MAXIMUM RESPECT - The Master Plan (Nicotine)
Should the Fleshtones vacate the throne as The Ultimate Party Band then surely The Master Plan will step up, pop on the crown and plant their arses on the seat of power. Part Fleshtones spin-off and 100 percent New York City super group, The Master Plan have unleashed their second album on the world and it's a stylistic Sham Wow (an absorbent chamois, for those not familiar with infomercials) of influences.

It's still the same crew at the tiller of this ship with guitarist Keith Streng and drummer Bill Milheizer moonlighting from the Fleshtones, bassist-keyboardist Andy Shernoff on an interminably long sabbatical from the Dictators and guitarist Paul Johnson hailing from Viginia's Waxing Poetics. They've dialled in Hoodoo Gurus honcho Dave Faulkner for lead vocals on one track, the fuzz-and-acoustic singalong "Feels So Good To Feel", otherwise Streng, Shernoff and Johnson handle the mic.

Feeling good's something of a recurring theme with The Master Plan. It will be with you too, once you hear the record. There's the aforementioned Faulkner vocalising (killer song, too - watch the YouTubeage below to find out for yourself) and "I Wanna Feel Something New" with it's "I feel something good" lyric fairly jumping out for starters, but they're only the tip of the iceberg.

If you don't break into a rib-eating grin when opener "BBQ" comes tearing out of the speakers, you lack a pulse and it should be YOU they're throwing on the grill. It's a cover, but a well-chosen one, and it's built on a Streng's manic Little Richard vocal, a "hey hey hey" chorus, cowbell, a "Frampton Comes Alive" vocoder line (!) and a raucous mess of guitars. Sounds like a party to me. Pass the beers and I'll turn the steaks.

And so the should-be-hits come, one after another: "Are You Crazy" is a manic Johnson rocker; "14th Street" a classic hand-clap fuelled Shernoff do wop shaker and "Long Drive Home" a shuffling blast of harmonica and guitars with echoes of "Baby Please Don't Go".

Shernoff's "Suburban Soul Man" is all sunny guitars and horns, while Johnson's "Mucha Fiesta" takes the party vibe south of the Mexican border with guitars at 20 paces. By the time "Just a Little Bit" brings down the shutters, the patrons of The Master Plan's speakeasy are either ready for a lock-in knees-up or a good night's sleep. My money is on the former. Best advice is to hit the "repeat" button. Snoozing is for sissies.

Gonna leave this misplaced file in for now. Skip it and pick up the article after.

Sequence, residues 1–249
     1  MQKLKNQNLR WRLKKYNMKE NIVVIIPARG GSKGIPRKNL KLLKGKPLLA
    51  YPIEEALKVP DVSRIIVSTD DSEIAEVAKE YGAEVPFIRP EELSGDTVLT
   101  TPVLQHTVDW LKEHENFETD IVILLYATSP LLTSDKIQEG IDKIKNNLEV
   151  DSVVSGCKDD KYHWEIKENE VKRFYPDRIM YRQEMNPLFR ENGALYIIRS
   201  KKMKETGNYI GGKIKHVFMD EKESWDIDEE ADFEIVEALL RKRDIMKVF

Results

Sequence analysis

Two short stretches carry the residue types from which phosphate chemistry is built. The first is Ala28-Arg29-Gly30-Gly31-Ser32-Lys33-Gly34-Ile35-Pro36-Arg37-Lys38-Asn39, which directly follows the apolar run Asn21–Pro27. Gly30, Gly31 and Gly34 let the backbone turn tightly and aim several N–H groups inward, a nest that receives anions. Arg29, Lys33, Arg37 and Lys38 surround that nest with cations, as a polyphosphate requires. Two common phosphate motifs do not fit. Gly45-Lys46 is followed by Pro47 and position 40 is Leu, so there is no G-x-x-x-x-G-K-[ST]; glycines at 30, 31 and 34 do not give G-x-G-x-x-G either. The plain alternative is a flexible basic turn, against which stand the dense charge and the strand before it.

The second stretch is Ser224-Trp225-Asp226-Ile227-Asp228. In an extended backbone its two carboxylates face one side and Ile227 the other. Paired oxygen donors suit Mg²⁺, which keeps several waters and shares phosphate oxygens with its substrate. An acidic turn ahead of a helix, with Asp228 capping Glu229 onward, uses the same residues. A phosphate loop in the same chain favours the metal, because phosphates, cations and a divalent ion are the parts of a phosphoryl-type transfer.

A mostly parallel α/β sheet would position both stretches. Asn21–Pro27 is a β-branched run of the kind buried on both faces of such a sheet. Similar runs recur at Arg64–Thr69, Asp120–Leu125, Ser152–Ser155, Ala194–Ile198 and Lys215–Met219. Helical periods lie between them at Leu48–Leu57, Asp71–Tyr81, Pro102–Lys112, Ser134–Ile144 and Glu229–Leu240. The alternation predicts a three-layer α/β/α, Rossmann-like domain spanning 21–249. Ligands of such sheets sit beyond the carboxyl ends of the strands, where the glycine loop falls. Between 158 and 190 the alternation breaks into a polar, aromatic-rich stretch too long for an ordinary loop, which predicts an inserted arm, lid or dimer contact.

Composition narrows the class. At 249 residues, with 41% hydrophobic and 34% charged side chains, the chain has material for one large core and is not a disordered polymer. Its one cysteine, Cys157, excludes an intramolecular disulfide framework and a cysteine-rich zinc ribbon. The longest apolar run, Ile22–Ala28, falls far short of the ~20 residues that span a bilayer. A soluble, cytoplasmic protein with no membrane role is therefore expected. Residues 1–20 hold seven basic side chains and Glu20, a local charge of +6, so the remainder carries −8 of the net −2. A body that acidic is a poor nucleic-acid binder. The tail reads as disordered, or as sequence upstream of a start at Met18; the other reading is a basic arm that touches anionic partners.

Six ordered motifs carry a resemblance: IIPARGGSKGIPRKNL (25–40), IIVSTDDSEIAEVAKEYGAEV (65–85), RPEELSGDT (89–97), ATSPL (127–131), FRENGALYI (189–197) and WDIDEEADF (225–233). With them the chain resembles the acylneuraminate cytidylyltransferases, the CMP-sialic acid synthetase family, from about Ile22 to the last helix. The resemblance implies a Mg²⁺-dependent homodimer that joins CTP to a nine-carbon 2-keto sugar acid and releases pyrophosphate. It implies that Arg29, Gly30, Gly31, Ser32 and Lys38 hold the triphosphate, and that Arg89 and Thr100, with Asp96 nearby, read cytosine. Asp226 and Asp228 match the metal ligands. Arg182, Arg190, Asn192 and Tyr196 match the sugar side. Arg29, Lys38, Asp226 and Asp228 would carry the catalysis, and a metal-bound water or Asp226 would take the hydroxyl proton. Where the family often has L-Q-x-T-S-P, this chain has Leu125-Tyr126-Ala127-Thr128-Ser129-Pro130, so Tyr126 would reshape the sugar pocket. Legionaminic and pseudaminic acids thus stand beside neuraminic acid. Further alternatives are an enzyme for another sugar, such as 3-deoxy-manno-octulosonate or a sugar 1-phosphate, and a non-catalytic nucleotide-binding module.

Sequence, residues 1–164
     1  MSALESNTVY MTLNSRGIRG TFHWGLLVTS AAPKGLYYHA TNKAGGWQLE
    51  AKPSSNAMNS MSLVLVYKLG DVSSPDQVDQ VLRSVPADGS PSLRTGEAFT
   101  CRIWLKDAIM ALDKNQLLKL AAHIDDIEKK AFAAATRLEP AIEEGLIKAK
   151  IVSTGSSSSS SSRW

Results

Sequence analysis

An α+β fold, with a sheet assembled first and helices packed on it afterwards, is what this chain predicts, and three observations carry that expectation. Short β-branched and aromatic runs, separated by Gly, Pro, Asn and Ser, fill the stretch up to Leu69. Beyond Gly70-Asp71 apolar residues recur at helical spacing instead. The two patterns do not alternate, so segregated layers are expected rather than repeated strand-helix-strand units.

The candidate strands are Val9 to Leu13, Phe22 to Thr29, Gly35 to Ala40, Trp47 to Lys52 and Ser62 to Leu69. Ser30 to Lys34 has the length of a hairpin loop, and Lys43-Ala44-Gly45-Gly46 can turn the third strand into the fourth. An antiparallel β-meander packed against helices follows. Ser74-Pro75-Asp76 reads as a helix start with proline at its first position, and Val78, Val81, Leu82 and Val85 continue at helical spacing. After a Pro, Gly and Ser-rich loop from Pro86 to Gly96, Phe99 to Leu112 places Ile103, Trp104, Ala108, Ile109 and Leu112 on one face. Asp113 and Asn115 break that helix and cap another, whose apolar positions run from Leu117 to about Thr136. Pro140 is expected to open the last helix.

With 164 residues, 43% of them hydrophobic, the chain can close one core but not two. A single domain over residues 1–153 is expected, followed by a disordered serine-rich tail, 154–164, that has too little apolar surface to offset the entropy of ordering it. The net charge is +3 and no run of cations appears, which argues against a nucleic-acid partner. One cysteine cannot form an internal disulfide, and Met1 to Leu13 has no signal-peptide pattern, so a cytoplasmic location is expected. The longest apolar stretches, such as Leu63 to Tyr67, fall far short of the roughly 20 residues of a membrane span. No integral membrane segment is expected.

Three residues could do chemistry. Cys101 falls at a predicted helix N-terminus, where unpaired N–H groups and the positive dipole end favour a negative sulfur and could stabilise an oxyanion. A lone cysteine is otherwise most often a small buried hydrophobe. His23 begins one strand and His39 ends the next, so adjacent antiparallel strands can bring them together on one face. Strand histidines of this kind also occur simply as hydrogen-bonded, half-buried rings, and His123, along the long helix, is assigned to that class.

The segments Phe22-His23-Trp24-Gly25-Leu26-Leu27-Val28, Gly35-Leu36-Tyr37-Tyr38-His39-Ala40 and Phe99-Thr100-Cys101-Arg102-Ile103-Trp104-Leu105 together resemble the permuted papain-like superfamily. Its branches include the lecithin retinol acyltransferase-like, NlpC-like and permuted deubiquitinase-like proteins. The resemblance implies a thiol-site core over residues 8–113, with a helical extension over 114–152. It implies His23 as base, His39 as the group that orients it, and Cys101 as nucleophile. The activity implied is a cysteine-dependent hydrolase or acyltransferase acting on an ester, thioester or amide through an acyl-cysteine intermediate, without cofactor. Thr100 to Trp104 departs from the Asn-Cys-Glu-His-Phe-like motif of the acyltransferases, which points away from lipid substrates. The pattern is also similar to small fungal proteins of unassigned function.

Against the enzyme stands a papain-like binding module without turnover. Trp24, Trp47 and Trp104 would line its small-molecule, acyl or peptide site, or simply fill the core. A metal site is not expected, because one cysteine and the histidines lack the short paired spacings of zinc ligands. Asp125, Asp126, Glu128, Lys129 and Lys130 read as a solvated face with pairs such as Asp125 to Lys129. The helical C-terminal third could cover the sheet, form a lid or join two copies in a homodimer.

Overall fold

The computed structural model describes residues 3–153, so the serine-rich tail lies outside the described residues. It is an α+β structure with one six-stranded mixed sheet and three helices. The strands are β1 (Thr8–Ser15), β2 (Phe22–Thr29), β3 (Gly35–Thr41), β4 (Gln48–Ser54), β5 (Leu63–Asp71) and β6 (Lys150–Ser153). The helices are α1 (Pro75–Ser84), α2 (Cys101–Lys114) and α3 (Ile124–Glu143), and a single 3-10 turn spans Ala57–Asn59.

This is truly a crew of old guys at the top of their game. Maximum respect. – The Barman

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COLOSSUS OF DESTINY – The Master Plan (Demolition Derby)
Rootsy rock and roll seems to be popping up in everybody's garage these days and it seems to be a game most adroitly played by the old guys, more often than not. Indeed, rock and roll itself looks to be heading the same way (but that's a point of discussion for another place and time). Given that the foregoing is even partly true, why not call on members of two of New York City's finest bands to start your party?

Andy Shernoff (the bassman who writes the songs for the Dictators) and Keith Streng (guitarist with theJohn Cale comb-over and longtime member of the Fleshtones) are probably the best-known half of The Master Plan, but that's not where the story ends. Their co-members, Fleshtones drummer Bill Millhizer and guitarist-vocalist Paul Johnson (Waxing Poetics), bring plenty to the table on a baker's dozen of spirited songs.
A varied trip it is, with more than vigorous nods to the ‘50s and a couple of more recent decades. Dashes of doo wop, a trace of surf and overwhelming lashings of goodtime rockin' infiltrate the music of The Master Plan (more a Master Party).

This is a musical co-op with Streng, Johnson and Shernoff singing four tunes apiece and one, "Picketts Charge", a supercharged surf instro. "What's Up With That" will be familiar to owners of the last ‘Tators album but for mine this version, with its sassy sax and lighter touch, shades it. While purists might decry the Plan's cover of The Eastern Dark's "Walking" for quickening the tempo and tampering with the lyrics, it's the thought that counts. (What about the concept of an The Eastern Dark tribute disc, anyone?)

Shernoff's "Find Something Beautiful" (first heard in these parts as a demo) is a blue ribbon winner while "Annie Had a Baby" and "Better Get Better" have the trademark Fleshtones "let's party" swagger written all over them. "Kickin' It Old School", with its surf bass runs, exhortation ot "Let's Get It On" and rock-solid chugging guitars, might be a call to arms . There's no mistaking the Spectorish influence in the girl back-up vocals on "Broken Arrow", pre-dating the Wall of Sound and assorted firearm offences.

It's more goodtime garage than hard-edged rock but with real guitar sparks flying between Streng and Johnson to sate six-string fans. There might be other bands mining the same field, but not many are growing their own as great as this.

You might find a copy on CD but Demolition Derby has the worldwide rights to releasing "Colossus" on vinyl. Worth making the effort to track down the flat black plastic down because it's an appropriate format for the tunes. – The Barman


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